The court disagreed with the plaintiff's position that the applicable standard of care required Drs. Laidley and Sellens have ordered a chest X-ray and bloodwork on December 24 to investigate the differential diagnosis of pneumonia. The court noted that Coville's respiratory status on December 24 was normal and not indicative of possible pneumonia. Although ill, no apparent signs or symptoms indicated an infection or pneumonia. Her presenting symptoms were not more severe than those of a viral illness.
The court was not persuaded that Drs. Laidley and Sellens failed to meet the standard of care. Instead, the court found that Coville's vital signs, appearance, and existing physical conditions on December 24 were more compatible with the experts' opinion that it was reasonable to diagnose Coville with a viral illness that day and that her presentation did not raise a concern for pneumonia, and so a chest X-ray and bloodwork were not clinically required.
The court accepted that the clinical judgment of Drs. Laidley and Sellens were that there were no indications in Coville's presentation on December 24 that suggested bloodwork and a chest X-ray were required. The court found that this judgment was reasonable in the circumstances. The court acknowledged that it is not standard practice for an emergency department physician to order routine chest X-rays and bloodwork to rule out pneumonia in patients complaining of cough and fever.
Accordingly, the court was satisfied that the defendant doctors did not fall below the applicable standard of care by not ordering a chest X-ray and bloodwork for Coville on December 24.
Furthermore, the court found that Drs. Laidley and Selles were not faced with any indication that pneumonia was a real possibility on December 24. The court was also satisfied that given Coville's vital signs, observed symptoms and improvement with treatment on December 24, there was no indication of a risk of infection or pneumonia that day. The court concluded that the defendant doctors' care and treatment of Coville and their diagnosis of viral illness did not fall below the applicable standard of care.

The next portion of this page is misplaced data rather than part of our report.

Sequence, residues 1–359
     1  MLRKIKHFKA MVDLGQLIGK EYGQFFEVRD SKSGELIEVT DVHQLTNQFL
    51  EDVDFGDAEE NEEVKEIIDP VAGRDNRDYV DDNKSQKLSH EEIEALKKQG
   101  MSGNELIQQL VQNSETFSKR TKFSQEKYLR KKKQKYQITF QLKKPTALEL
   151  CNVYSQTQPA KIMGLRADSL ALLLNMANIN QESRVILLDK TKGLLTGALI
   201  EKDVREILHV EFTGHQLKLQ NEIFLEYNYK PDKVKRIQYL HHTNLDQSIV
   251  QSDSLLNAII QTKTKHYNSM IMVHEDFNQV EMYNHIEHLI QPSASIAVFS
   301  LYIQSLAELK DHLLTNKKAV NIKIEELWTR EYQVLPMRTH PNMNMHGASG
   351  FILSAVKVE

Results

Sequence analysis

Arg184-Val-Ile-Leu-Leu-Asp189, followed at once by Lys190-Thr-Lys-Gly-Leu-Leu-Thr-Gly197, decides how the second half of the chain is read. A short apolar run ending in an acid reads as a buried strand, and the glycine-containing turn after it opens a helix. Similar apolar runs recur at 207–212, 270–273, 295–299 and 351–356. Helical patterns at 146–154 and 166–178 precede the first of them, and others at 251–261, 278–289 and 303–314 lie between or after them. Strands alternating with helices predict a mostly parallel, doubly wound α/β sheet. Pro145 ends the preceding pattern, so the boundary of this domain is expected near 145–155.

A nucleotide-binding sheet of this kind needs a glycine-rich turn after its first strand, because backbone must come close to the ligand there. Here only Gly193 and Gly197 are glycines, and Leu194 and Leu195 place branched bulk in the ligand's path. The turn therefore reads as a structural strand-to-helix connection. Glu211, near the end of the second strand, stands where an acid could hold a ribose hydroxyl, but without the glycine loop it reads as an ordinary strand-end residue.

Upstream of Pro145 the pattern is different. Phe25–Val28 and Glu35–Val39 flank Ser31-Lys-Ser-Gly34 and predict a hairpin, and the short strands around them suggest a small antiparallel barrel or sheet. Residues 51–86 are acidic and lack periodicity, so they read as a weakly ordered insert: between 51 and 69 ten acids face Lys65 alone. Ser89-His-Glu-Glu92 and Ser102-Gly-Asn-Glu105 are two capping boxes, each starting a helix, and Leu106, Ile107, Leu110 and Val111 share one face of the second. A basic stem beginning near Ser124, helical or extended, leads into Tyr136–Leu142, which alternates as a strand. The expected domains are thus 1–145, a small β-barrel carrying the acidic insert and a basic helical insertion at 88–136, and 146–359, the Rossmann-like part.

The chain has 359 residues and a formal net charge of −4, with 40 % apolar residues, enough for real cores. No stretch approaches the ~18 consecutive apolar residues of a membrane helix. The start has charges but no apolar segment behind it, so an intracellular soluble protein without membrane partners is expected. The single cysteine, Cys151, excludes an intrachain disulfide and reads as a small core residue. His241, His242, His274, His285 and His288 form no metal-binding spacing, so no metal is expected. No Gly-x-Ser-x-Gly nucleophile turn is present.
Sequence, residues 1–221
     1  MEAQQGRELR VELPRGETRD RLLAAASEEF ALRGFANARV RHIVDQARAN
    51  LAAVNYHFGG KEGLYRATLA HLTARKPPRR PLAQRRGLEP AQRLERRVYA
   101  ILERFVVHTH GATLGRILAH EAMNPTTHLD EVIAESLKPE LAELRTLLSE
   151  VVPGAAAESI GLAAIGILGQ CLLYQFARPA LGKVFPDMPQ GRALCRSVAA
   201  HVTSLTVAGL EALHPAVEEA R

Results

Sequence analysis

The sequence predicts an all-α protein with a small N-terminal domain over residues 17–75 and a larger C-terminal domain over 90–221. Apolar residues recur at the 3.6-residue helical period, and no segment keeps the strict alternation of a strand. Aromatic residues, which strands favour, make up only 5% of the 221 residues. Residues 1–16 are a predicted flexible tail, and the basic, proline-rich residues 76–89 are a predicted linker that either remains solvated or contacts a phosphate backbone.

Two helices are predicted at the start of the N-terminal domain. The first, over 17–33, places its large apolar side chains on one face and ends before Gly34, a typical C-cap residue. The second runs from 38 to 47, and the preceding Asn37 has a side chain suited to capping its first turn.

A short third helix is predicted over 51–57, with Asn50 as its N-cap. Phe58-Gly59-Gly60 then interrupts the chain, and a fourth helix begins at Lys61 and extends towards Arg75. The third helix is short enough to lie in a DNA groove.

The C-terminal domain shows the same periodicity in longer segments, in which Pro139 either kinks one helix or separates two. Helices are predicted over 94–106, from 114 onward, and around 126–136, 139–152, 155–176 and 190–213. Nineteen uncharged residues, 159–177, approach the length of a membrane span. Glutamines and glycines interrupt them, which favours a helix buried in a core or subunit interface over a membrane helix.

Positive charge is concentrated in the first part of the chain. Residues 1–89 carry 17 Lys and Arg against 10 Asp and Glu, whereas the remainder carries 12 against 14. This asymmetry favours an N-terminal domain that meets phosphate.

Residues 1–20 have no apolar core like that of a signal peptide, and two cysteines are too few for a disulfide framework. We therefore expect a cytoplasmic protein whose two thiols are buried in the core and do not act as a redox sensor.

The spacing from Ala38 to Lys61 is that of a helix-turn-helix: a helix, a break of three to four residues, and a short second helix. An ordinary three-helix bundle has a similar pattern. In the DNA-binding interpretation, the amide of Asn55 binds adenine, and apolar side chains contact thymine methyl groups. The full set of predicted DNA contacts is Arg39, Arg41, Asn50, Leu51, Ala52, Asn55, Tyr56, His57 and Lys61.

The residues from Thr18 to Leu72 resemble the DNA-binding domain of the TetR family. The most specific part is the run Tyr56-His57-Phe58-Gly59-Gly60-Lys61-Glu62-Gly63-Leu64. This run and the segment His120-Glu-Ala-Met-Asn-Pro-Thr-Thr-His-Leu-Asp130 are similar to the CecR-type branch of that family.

The plaintiffs argued that Coville had treatable pneumonia when she presented at the emergency department on December 24, which progressed and ultimately caused her death.
After carefully reviewing the witness testimonies, the court concluded that "it is more likely than not that Ms. Coville did not have bacterial pneumonia on December 24, 2012." The court accepted the expert evidence pointing to the fact that Coville developed a rapid fulminant bacterial pneumonia sometime during the afternoon of December 25, a few hours before she went to the emergency department that day.
Furthermore, the court found that a chest X-ray and bloodwork would not have revealed bacterial pneumonia in Coville on December 24 and would not have resulted in treatment for that pneumonia. Finally, the court said it had not been established that Coville's death would have been prevented with earlier treatment.
The court ultimately ruled that the plaintiffs have failed to prove on a balance of probabilities that Dr. Laidley and Dr. Sellens breached the standard of care, except for Dr. Laidley's failure to chart the results of Coville's physical, respiratory examination. The court further ruled that the plaintiffs failed to prove that any breach in the standard of care by Dr. Laidley and Dr. Sellens caused Coville's death.